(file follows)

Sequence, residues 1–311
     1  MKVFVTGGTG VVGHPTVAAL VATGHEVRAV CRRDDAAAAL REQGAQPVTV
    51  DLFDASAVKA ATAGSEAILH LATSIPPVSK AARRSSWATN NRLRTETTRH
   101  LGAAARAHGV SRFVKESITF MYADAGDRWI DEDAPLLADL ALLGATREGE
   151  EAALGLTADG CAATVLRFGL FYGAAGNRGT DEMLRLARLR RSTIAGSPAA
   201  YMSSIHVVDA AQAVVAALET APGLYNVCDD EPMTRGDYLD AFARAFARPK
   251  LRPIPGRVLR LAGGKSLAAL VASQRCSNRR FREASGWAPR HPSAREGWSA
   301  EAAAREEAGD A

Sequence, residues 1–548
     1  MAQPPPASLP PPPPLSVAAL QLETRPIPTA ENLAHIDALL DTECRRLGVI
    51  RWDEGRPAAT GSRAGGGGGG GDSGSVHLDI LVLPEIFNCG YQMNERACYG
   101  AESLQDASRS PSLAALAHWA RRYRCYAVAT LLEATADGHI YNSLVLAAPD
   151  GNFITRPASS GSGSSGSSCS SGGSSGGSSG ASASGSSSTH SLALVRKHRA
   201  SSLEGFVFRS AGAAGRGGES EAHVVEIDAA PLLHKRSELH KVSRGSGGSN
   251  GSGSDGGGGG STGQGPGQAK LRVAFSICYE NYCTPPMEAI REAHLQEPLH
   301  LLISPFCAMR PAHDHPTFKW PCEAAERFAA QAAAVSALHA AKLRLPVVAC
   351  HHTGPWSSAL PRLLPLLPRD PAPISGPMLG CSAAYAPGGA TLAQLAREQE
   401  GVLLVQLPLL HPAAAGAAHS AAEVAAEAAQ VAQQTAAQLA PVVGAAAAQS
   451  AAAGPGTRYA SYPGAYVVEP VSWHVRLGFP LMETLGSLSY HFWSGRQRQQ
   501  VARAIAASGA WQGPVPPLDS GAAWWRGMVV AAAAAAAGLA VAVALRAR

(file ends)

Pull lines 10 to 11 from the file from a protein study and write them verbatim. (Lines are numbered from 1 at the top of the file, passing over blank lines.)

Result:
     1  MAQPPPASLP PPPPLSVAAL QLETRPIPTA ENLAHIDALL DTECRRLGVI
    51  RWDEGRPAAT GSRAGGGGGG GDSGSVHLDI LVLPEIFNCG YQMNERACYG